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G7 Advances Plan to Cap Price of Russian Oil

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Finance ministers from the G7 group of nations agreed on Friday to proceed with a controversial plan to put a price cap on Russian oil, but said they still need to finalize details of how it would work in practice.

The cap is meant to reduce Moscow's oil revenues without limiting the flow of Russian oil to the market — a goal that has been met with considerable skepticism in the market.

EU countries plan to block tankers that carry Russian crude and products from obtaining maritime insurance and financial services — unless their cargoes are priced in accordance with the cap.

More granular details still need to be worked out. That includes the level at which the price cap will be set, products that would be exempted and the precise mechanics of the cap in each country that implements it.

Price Point Pending

A senior US Treasury Department official said on Friday that the plan calls for three price caps: one for Urals crude, and two for products. The price caps will be reviewed periodically and widely publicized.

The prices are yet to be finalized, but another senior Treasury Department official gave some hints for crude.

"You don't want to set it at such a level that they are taking advantage of the price premium introduced in the market," the official said, referring to the increase in oil prices of nearly 40% since the start of this year.

"Russia was selling oil years ago at $60 a barrel and making plenty of money," the official added.

The countries backing the plan want the price cap to be set above the cost of producing Urals crude but below its free market value.

The price of Urals has been quite opaque in recent months, but on Friday it was assessed at about $74/bbl, or roughly $20/bbl below dated Brent.

Russian production costs are unclear but officials have said the country is a "low-cost" producer, which perhaps points to costs as low as $15/bbl.

Russian companies have reportedly started negotiations with Asian refiners to buy Urals under term contracts at considerable discounts — perhaps as much as 30% — below dated Brent.

Western officials suggest this points to the early success of the price cap system, arguing that buyers who operate outside it will be free to negotiate an even lower price as a result of the cap, further lowering Moscow's oil income.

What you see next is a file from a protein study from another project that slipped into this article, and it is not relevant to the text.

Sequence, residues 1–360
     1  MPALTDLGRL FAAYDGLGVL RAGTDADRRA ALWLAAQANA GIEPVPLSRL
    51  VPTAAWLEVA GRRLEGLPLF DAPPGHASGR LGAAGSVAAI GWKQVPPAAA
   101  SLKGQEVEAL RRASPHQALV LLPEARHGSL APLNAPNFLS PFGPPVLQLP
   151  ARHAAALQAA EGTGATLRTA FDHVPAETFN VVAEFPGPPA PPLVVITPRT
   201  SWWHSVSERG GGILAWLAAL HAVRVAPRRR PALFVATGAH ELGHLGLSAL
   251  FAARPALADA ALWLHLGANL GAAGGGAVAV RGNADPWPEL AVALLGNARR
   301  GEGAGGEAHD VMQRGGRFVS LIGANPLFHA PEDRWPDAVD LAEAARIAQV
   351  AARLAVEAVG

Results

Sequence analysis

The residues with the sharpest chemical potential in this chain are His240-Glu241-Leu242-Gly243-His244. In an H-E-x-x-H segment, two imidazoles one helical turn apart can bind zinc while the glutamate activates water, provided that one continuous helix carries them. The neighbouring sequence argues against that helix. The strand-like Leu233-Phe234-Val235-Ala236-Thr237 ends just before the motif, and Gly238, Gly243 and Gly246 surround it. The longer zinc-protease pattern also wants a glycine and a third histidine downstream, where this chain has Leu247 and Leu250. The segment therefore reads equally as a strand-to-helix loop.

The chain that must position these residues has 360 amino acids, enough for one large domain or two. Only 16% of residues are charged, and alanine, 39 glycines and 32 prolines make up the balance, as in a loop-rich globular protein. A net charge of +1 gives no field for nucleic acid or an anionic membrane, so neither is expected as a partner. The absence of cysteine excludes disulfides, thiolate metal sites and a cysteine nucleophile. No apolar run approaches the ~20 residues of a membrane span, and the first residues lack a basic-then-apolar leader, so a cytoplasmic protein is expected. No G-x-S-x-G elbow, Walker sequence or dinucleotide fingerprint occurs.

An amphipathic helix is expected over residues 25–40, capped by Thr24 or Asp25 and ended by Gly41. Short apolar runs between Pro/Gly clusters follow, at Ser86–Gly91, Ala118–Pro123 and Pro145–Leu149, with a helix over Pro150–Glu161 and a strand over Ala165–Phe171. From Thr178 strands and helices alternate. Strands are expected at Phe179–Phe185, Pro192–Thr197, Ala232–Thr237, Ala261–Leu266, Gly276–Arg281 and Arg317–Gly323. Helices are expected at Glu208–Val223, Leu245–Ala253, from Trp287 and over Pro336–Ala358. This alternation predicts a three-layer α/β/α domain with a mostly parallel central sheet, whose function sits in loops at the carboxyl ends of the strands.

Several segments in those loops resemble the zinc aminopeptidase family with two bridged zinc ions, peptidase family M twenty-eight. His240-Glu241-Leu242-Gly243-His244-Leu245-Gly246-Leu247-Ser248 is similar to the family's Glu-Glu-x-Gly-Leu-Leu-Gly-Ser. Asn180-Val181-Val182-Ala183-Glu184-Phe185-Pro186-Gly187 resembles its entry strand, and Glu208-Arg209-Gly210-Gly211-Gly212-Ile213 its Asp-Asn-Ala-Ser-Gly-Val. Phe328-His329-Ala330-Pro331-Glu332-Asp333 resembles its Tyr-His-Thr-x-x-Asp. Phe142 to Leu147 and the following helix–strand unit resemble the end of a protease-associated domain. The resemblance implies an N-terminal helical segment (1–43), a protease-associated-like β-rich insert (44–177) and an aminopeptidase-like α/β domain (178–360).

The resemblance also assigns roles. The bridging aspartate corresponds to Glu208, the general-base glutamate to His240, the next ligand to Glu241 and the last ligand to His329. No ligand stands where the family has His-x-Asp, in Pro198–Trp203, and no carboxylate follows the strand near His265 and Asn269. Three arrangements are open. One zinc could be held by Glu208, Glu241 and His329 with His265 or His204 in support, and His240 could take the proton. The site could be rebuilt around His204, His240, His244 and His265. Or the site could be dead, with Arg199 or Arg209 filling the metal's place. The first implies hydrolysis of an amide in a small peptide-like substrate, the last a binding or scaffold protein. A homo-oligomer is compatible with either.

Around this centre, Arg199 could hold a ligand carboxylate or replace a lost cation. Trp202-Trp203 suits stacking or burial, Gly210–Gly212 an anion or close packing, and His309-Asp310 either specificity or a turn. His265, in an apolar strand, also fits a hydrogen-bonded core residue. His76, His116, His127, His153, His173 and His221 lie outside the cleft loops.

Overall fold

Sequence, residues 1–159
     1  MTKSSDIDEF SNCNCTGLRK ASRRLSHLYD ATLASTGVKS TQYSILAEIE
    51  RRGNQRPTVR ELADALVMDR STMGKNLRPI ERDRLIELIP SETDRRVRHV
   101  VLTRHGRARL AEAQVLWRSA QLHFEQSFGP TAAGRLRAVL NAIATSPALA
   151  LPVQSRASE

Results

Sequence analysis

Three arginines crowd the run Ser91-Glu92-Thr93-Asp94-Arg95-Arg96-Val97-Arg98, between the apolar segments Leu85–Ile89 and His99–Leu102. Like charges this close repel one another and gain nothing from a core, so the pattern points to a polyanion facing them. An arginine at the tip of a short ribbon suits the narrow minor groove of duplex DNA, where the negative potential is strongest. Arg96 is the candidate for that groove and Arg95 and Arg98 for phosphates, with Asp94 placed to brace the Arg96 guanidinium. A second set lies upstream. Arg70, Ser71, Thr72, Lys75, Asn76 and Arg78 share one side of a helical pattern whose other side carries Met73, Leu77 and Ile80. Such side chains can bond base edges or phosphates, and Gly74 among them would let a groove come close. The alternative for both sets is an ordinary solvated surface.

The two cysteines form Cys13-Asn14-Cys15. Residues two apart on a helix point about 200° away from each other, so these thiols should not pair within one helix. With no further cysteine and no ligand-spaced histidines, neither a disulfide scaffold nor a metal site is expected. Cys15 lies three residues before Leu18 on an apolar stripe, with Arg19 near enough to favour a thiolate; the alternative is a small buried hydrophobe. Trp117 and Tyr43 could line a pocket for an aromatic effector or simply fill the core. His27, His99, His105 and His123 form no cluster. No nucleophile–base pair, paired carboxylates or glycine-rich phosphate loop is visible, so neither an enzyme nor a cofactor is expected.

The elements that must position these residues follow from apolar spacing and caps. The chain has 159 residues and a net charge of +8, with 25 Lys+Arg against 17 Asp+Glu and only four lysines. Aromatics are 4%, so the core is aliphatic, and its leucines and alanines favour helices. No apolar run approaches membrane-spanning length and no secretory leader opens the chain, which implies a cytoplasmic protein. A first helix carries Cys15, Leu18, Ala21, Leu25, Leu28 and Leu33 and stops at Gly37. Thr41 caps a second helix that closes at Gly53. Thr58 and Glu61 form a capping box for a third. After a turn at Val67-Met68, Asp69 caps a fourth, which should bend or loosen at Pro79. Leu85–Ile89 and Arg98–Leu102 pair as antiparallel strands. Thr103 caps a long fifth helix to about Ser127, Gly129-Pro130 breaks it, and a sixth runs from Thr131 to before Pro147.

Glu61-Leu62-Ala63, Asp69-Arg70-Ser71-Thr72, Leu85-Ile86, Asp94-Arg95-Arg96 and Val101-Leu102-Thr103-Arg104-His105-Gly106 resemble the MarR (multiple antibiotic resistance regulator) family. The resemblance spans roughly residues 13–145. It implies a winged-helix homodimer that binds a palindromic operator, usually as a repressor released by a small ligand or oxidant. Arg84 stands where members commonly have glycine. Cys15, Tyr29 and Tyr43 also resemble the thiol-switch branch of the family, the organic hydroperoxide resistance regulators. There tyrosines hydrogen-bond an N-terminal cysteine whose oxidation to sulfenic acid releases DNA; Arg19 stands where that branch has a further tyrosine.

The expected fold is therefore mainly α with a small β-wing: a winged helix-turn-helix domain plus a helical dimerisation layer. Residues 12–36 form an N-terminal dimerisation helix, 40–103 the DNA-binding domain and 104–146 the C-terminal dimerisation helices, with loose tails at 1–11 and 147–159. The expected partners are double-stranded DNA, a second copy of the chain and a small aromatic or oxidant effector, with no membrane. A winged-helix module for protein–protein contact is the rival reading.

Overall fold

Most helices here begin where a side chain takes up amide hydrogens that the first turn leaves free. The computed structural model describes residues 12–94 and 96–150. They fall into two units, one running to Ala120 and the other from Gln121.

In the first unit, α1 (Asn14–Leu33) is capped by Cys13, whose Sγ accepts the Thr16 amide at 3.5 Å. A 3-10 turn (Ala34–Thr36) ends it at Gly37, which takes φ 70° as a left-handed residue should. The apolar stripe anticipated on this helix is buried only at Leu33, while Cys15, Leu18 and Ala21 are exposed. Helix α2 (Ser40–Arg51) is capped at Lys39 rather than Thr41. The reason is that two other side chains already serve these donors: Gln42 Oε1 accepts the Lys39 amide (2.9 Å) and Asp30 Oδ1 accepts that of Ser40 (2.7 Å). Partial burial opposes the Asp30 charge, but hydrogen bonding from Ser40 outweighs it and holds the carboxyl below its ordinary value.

Russia has already been offering large discounts to Asian buyers of Urals since the early days of the war in Ukraine, but its oil revenues have proved resilient because of the overall strength of global oil prices.

Traders say the potential challenges to the policy's success include a lack of cooperation from big buyers of Russian oil — notably India, China and Turkey.

The price cap scheme could also be undermined by the development of alternative sources for tanker insurance, and arrangements which allow prices to work around the cap through side payments, for example.

Following Steps

The specifics of how the cap will work are clearest in Europe, which plans to block its companies from providing maritime and financial services to tankers carrying Russian crude and products from Dec. 5.

However, exemptions will be granted for tankers that carry cargoes priced in accordance with the caps.

An EU ban on purchases of Russian crude also takes effect on Dec. 5 and a ban on purchases of Russian products on Feb. 5.

The price cap system will require changes to EU sanctions in place since June and will require unanimity among the bloc's 27 members.

The Treasury Department said it will release specific guidance this month on how existing US sanctions targeting Russia's energy industry will change.

The G7's other non-EU countries — Canada, Japan and the UK — will have to take similar steps.

Officials said other countries plan to join the G7-led coalition of countries implementing the price cap, but declined to name them.

Western Gamble

The success of the price cap plan also represents a bet that Russia won't retaliate by slashing its oil supplies and driving prices to ruinous levels

Deputy Prime Minister Alexander Novak said on Thursday that Russia would indeed halt supplies to countries that support the initiative.

Shipments of oil are largely processed and financed through the Western system.

Ship brokers say the world does not have enough tankers outside the Western system to keep all of Russia's oil flowing. They say there might be enough to support much of its crude oil exports, but not its refined products.

Asked if Russia is bluffing by issuing threats to cut off oil supplies, a US official said on Friday that there was "some merit" to that notion.

"Russia needs revenues from oil in order to support the economy and support their unjustified war in Ukraine. They need those things even more today than they did before the war," the official said.

However, Russia has already slashed its gas exports to Europe, forcing countries in the region to scramble to stockpile enough gas for winter heating.

Asked whether Russia would sell its crude at a theoretical $55/bbl price cap, one trading analyst simply said: "No."

"Russia has essentially declared war on Europe and will turn off the flow of energy," the analyst said, adding that what has already been happening in the natural gas market will likely play out in the oil market too.

For more coverage of the Ukraine crisis, visit Ukraine Crisis: Energy Impact >

Topics:
Sanctions, Oil Supply, Crude Oil, Oil Products, Oil Tankers, Ukraine Crisis
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